If you are more interested in making an impact beyond the fate of your own soul, one that impacts the society to which you belong, there are other ways, political and non-political, of getting involved. From participating at the grassroots level, in support of solid local candidates or organizations, to frequently writing congressmen, actively involving yourself in the social arena does far more good than your statistically insignificant vote ever could. College campuses should really ditch the “you should vote” campaigns  and replace them with a “write your congressmen” campaign. Their votes actually are statistically significant and they represent you regardless of whether or not you voted for them: so demand that they represent you accurately and hold them accountable for their actions.

What happens when voting is all we do.

Furthermore, as people become less satisfied with their options, more and more people use their vote to vote against a candidate and not for someone. Overwhelmingly, people today use their vote to support the lesser of two evils in order to block the greater evil, but the lesser evil, if elected, then becomes the new standard and the quality of our politicians just continues to degrade from there. What a poverty that we now define every act of voting entirely in terms of evil. In contrast, when you write your congressmen you are not standing against a candidate but for a principle, and that is a breath of fresh air. In fact, you can write them on any issue, at any time, as much as you want. You pick and choose precisely what stances you want to support and you are not forced into choosing a package deal as you are with your vote. Certainly, a politician can ignore your letter but then, when your vote has only a one millionth of one percent chance of making a difference that hardly seems worse.

But while political activism is even more important than voting, what you do in your non-political life is perhaps most vital of all. We must forget everything progressivism and relativism have taught us: how we live our personal lives matter. The way we present ourselves to the world makes an impact and what we do with our time, talents and resources has a far greater effect on our communities than our vote ever could. It thus becomes vitally important how we live, not just for ourselves but because our actions influence others. We must always strive in all that we do to promote what is good and reduce what is evil: to live our lives in accordance with the natural and eternal laws, to love good and hate evil, and to obey and respect just human law. To have a free and virtuous society we must first be virtuous ourselves. We must be vigilant and inform ourselves daily and share our knowledge with others.

Most importantly, we must be charitable. We must not be like Satan and declare “I will not serve!” no matter how loudly our hedonistic culture shouts “me, me, me!” Instead, we must exhibit charity starting with the little things like smiling when we don’t feel like it or withholding a biting remark, and then work towards the greater things: giving back to our communities; serving the weak, the tired, the poor; helping those who cannot help themselves. We must put others before ourselves and no where is this more important than in the family. Children really are the future and they must be raised in love and taught the moral code so that they may surpass us in virtue.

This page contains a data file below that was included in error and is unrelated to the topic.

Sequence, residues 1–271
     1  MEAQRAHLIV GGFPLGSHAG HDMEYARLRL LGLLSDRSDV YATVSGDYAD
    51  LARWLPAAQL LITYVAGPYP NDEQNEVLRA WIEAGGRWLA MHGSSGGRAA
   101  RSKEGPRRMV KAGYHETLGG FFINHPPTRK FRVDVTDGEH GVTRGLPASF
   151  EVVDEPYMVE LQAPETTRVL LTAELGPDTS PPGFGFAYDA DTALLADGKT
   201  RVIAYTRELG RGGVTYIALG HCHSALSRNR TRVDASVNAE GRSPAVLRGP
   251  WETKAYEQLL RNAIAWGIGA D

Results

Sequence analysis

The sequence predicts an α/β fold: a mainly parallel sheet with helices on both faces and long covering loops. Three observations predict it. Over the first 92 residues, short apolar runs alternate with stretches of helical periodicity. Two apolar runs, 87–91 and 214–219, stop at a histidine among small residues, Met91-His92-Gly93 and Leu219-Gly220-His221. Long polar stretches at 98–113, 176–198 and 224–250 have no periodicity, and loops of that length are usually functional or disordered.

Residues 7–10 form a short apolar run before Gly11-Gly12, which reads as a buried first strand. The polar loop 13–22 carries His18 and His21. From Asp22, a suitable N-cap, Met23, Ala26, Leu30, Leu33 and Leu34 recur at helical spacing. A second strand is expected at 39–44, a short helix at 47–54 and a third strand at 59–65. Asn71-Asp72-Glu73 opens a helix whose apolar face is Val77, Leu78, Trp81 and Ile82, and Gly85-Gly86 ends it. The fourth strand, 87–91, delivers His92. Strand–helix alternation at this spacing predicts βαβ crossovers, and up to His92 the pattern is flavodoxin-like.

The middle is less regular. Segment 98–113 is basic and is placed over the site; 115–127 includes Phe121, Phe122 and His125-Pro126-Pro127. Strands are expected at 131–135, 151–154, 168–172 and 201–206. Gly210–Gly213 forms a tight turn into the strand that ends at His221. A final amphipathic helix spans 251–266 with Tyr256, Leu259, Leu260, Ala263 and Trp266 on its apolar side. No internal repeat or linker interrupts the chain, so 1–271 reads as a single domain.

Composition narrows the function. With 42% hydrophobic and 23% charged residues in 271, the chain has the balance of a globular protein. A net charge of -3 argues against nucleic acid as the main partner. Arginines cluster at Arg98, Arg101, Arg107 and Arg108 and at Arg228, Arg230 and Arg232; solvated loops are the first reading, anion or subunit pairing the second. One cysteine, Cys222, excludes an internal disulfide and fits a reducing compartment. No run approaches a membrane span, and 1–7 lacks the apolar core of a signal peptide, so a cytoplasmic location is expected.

The reality is that we vote every day and the vote at the ballot box, of little importance except to the voter, is perhaps the most overrated method of doing so. To do nothing beyond voting is to render our liberty insecure and invite slavery. To effect positive change requires political and non-political activism. Such methods require far more of us but the payoff will be much higher, for our society but also for ourselves. After all, “eternal vigilance is the price of liberty.”

America Divided: Dems Hate Taxes, Love Puppies; GOP Loves Puppies, Hates Taxes


except for Ron Paul, he doesn't sugarcoat his position on puppies (click pic and skip to 9:09)

According to Gerald Celente, the founder of the Trends Research Institute and publisher of the Trends Journal, 2012 will not be a battle of Left versus Right but a battle of the will of the people versus the will of our government. Criticizing the state of our two-party system he states:

The presidential race in the US won’t bring much change because again it is going to be another pick of a “lesser of two evils”. Even Barack Obama might win a second term despite all the broken promises he gave the American nation that once fully supported him.

You needn’t look any further than the recently installed NDAA to find evidence of our bipartisan disaster. Spearheaded by Republicans in Congress, its passing only made possible by strong Democrat participation and signed into law by Barack Obama the NDAA represents a diabolical tool allowing circumvention of our constitution and expansion of executive power. Celente made the following comments regarding the bill:

Now that President Obama has signed the National Defense Authorization Act, those Americans who speak out against the elected officials might get prison time. There is no need to be a terrorist suspect any more, being belligerent – as written in the Act – is more than enough to be taken away.

“You have no judge, you have no jury, you have no trial, you don’t have charges filed against you, the military can come in and take someone “belligerent” away to lock up in detention,” Celente slams.

“No lawyer, no habeas corpus – it is the ‘bill of no rights’ signed by President Obama,” the forecaster boils, explaining that now the military is allowed to take somebody they “like the Gestapo” choose to be an anti-American or working with terrorists.

Now, one could certainly argue that the NDAA signifies one isolated incident and, as bad as it might be, one solitary bill signed into law doesn’t reflect on our entire political system. Well, if only that were the case. Unfortunately, however, the NDAA is a small part in a much grander trend saturating American politics. From repeated attempts to control the internet, the recent HHS mandate infringing upon religious freedom, to the enemy expatriation act, police brutality, and local police War Rooms, all just to name a few recent developments, the dynamo of opposing powers is rapidly shifting to the American people versus their very own government.

Promoting a politically active citizenry who will stand up for life, liberty and the pursuit of property for everyone is more important now than ever before – and it starts with each one of us individually. Get out, vote, be heard and be not afraid.